Most Active Stories
Tue June 18, 2013
How Electronic Medical Records Might Breathe Life Into 'Neutral Spanish'
South Florida’s diverse Hispanic community requires some extra attention when it comes to electronic health records.
Over the last few years, doctor’s offices, clinics and hospitals have been getting federal funding through the HITECH Act to go paperless.
That means more patients have access to their medical records online.
Spanish speakers may have the option to get their records in Spanish, but understanding those records can be complicated.
Lorena Roldan is originally from Colombia and has lived in South Florida for about eight months.
She battles with an unknown immune disorder that causes her skin to itch on her face and body.
Lorena goes to a local dermatologist three times a week for treatment. She can view her medical records online to monitor her progress but prefers to read them in Spanish.
This is where Lorena runs into problems.
“Sometimes the words are completely different for a person from Cuba and a person from Colombia, or for an Argentinean and a Mexican,” she said.
Doctor Kenneth Goodman , director of the bioethics program at the University of Miami, suggested that as medical records continue to go paperless, we could see a wave of different languages and dialects in healthcare applications.
“Sometimes the words are used quite differently. Sometimes accents are different in ways that might actually be significant,” he said. “One might imagine that in the future that will provide market opportunities for people to develop dialect-specific apps for patients.”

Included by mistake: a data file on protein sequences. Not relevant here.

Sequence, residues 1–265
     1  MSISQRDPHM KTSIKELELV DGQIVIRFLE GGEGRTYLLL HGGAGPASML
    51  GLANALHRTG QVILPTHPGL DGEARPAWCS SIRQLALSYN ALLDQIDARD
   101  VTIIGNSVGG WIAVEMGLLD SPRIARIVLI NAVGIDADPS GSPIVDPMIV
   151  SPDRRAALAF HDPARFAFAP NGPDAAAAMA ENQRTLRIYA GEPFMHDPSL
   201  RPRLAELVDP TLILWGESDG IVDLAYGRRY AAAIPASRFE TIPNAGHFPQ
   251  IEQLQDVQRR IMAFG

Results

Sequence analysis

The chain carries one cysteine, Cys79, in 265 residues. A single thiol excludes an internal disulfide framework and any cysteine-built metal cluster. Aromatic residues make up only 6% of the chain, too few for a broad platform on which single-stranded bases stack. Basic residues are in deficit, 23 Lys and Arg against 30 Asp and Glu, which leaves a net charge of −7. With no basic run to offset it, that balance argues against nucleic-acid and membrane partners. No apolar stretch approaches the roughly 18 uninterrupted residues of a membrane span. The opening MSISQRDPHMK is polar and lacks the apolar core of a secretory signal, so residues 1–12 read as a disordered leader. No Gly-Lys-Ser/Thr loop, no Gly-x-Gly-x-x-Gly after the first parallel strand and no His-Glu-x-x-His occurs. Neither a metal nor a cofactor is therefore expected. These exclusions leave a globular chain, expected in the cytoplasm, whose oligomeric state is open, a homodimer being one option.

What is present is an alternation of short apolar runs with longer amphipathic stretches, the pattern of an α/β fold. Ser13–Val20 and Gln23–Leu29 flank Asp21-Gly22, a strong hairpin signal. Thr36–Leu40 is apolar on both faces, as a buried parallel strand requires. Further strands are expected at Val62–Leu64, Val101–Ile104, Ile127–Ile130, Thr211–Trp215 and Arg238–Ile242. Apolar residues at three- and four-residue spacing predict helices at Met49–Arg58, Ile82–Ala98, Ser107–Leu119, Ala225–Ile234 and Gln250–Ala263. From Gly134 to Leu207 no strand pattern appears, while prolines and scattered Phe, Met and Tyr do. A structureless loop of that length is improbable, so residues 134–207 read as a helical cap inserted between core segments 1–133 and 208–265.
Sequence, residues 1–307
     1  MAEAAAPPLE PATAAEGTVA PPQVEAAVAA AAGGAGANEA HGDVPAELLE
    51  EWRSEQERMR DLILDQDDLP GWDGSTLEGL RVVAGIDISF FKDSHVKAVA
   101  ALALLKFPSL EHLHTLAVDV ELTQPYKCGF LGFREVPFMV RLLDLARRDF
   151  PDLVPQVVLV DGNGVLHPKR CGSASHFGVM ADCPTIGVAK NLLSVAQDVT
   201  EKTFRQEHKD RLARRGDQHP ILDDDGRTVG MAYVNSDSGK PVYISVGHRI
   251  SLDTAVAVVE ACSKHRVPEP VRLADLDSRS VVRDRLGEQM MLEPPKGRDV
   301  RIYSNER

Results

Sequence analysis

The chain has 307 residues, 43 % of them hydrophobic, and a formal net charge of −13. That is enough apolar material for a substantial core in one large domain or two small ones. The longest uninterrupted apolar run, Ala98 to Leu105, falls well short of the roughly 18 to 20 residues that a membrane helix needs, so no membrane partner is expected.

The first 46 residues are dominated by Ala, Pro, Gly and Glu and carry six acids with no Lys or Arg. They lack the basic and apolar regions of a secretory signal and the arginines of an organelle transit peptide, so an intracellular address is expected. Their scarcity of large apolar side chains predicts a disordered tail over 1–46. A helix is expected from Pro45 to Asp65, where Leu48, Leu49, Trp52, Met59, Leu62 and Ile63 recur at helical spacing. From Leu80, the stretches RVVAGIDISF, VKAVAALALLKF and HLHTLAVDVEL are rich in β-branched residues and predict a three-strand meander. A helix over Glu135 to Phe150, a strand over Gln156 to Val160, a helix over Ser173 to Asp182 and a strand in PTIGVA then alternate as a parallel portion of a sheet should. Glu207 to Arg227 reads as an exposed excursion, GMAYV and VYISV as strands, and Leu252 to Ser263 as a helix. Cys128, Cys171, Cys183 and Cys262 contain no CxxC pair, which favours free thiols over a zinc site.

Maria Giambroni has been a Spanish translator in South Florida for about twenty years.
She doesn’t think multiple Spanish options for electronic medical records would work. There are just too many different dialects to cover them all.
To Giambroni, neutral Spanish is the key.
“Neutral Spanish is Spanish that can be understood by everybody- someone from Peru, Colombia, Puerto Rico, Nicaragua,” she said. “The idea is to avoid using regional terms.”
That's something Lorena Roldan said she would appreciate.
“I’m not trying to judge or anything. It’s just hard for me to understand these people sometimes," she said. “We all speak Spanish, but the words have a different meaning.”
We asked members of the Public Insight Network, an online community of people who have agreed to share their thoughts with WLRN-Miami Herald News, for examples of Spanish words which are often misunderstood.
Here are few we received:
Bicho – bug/insect, or male private part
Papaya – type of fruit, or female private part
Coger - to grab, or to have sex with
Ahorita - later, or right now
Fregar - to wash, or to make fun of
Berraco - to be silly/stupid, or to be brave
Mona/Mono - monkey, or blonde person
Guagua - bus, or child
This article includes comments from the Public Insight Network, an online community of people who have agreed to share their thoughts with the Miami Herald and WLRN. Can you think of more misunderstood words in Spanish? Share your thoughts with us.